With his health greatly improved and much of the burden of the oxygen meter project
taken over by Beckman and his associates, 1942 looked promising for Pauling. In April
he received a letter from George Kistiakowsky requesting his aid in Pittsburgh. The Bruceton Laboratory had reached critical mass
with nearly one-hundred men laboring on a variety of war projects and things were
beginning to go awry. The men, though intelligent and hard working, were being worn
down by the grind of constant, monotonous work and were quickly losing perspective.
What the Pittsburgh group needed was an outsider to focus their work and give a little
spark to the job. Pauling, with his expansive theoretical knowledge and infectious
interest in all things scientific, fit that requirement beautifully. Kistiakowsky
asked that Pauling visit the lab for the summer and act "as a general advisor and
consultant without any specific duties unless you wish to assume them, talking to
the men reading such reports as may interest you, criticizing the ideas and methods
of approach, and making any suggestions when they occur to you."
Pauling could barely believe his good fortune. Kistiakowsky was promising him the
best possible vacation - weeks of uninterrupted, informal collaboration with some
of the country's top scientists and absolutely no paperwork or administrative duties.
After hashing out the details of his stay, Pauling agreed to visit Bruceton for approximately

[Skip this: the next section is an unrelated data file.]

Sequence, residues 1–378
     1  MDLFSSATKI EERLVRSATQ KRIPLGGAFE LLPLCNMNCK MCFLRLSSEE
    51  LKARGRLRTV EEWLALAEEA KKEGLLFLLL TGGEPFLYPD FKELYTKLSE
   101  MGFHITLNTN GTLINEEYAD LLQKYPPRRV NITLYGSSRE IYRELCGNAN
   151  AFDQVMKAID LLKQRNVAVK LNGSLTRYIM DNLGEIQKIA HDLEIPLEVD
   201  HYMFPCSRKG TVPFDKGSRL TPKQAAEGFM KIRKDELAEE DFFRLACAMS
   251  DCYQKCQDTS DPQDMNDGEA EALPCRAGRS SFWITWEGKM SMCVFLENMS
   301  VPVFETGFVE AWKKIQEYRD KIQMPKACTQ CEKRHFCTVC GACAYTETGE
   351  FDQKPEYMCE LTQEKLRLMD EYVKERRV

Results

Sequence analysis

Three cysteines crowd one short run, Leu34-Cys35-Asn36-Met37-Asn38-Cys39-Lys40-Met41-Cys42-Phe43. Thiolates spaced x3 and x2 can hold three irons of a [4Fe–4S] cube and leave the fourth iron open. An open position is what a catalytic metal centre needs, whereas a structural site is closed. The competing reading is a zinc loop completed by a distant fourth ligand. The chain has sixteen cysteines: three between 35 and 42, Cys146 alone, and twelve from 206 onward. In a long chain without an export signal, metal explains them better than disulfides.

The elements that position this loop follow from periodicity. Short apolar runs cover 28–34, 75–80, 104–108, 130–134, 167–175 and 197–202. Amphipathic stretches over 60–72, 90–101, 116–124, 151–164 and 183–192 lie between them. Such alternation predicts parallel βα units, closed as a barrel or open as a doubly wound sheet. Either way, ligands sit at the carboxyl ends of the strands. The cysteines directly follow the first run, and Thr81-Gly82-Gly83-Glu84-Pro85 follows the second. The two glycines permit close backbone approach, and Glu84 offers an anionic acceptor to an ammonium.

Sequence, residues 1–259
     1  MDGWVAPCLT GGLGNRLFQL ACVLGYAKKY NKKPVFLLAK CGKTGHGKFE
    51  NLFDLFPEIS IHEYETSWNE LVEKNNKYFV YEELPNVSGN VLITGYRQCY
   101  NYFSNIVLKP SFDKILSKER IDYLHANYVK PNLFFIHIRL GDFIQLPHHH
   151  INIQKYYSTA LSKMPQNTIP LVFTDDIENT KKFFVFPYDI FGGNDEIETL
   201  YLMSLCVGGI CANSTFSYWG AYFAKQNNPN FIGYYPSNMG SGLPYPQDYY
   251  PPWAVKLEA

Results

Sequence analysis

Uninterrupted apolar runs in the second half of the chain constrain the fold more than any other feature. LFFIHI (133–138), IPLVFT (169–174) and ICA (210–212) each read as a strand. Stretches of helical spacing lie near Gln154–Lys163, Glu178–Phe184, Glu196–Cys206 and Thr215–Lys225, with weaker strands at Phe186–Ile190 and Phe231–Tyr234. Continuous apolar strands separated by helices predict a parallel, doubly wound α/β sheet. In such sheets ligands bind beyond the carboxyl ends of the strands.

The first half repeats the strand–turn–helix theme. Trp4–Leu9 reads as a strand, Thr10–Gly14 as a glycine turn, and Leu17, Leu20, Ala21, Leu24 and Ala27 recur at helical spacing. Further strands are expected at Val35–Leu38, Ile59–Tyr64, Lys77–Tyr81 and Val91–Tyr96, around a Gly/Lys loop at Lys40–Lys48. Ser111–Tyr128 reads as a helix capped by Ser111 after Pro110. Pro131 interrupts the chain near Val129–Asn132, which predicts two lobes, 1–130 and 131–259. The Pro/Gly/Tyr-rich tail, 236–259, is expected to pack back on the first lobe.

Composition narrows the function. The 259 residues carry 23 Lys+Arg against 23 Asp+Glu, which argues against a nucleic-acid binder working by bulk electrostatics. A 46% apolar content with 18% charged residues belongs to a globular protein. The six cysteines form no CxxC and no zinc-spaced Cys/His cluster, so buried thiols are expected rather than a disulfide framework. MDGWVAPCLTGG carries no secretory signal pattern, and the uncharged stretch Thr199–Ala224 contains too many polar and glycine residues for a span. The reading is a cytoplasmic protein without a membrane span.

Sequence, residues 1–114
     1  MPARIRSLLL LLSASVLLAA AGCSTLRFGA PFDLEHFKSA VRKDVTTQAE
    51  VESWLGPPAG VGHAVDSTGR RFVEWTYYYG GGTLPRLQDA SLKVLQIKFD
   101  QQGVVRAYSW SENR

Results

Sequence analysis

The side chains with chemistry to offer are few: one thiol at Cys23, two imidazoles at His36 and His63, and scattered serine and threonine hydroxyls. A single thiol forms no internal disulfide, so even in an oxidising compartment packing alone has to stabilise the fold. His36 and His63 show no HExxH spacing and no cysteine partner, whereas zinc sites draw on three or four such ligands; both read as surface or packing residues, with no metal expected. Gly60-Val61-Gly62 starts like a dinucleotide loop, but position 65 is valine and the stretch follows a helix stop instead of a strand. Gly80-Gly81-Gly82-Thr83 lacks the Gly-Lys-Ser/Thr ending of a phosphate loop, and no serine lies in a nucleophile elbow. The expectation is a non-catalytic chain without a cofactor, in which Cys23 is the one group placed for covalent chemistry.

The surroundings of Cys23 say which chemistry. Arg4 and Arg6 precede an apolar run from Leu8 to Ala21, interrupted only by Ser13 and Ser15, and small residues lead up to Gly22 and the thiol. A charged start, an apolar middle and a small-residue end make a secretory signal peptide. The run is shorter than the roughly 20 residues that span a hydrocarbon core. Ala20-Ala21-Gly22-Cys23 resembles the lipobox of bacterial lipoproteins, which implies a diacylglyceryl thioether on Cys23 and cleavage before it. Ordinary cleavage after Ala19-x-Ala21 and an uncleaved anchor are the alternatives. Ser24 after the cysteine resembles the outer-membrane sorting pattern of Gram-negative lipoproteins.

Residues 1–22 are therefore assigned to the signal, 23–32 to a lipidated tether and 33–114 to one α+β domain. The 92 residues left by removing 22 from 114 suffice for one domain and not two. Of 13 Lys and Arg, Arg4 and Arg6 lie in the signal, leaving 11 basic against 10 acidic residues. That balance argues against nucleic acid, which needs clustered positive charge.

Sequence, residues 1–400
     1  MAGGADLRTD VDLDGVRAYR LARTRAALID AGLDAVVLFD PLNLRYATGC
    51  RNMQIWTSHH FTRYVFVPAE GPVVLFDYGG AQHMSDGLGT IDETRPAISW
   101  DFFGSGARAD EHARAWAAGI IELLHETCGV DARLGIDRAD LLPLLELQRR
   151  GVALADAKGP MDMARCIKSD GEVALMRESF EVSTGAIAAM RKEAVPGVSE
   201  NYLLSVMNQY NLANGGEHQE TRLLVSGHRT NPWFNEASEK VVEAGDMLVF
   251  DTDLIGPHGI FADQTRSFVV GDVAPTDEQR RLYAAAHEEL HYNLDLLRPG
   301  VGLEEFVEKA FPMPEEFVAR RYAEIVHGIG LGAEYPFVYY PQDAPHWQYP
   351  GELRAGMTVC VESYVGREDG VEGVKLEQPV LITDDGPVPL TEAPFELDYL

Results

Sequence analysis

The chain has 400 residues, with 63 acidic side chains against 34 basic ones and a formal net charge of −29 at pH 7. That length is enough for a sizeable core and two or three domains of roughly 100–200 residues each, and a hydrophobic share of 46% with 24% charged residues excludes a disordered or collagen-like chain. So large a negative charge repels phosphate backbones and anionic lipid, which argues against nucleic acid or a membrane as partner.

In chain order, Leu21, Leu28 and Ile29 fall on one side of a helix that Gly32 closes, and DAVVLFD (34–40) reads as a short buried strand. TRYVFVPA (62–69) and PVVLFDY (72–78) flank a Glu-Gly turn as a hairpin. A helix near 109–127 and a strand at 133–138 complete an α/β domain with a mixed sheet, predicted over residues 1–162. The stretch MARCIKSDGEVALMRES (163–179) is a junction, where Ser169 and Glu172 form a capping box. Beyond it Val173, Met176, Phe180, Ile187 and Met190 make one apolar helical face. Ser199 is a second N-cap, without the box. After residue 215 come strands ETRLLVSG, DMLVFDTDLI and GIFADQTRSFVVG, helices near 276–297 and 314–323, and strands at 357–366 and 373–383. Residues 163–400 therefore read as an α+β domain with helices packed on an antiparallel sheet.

one month between mid-July and mid-August. A few weeks later, he and J. Holmes Sturdivant,
his right hand man, boarded a Pullman car for Pennsylvania.
There is little record of Pauling's work during his stay in Bruceton. While he maintained
contact with the OSRD and his associates in California, he appears to have sent very
few letters from Pittsburgh. Even his notes are limited - a symptom of the transient
nature of his visit. The documents that do exist suggest that much of his time was
spent asking questions meant to stimulate the work and thinking of the Bruceton men.
It is clear, however, that Pauling's own thinking was also stimulated. On July 15,
he sent a letter to a coworker suggesting that silica might be used to coat polished
glass. During his stay in Bruceton, he mailed several more letters which expanded
on the idea. He even sent instructions to have A.O. Beckman begin preparing silica
fibers for research.
However Pauling spent his time in Bruceton, he and Sturdivant returned to the West
Coast invigorated and ready to return to their own research. The glass project never
materialized in the Pauling laboratories, though it may have received attention elsewhere.
Nevertheless, it is evident that Bruceton had a positive effect on him. In the months
following his return, Pauling began some of his most fascinating research of the war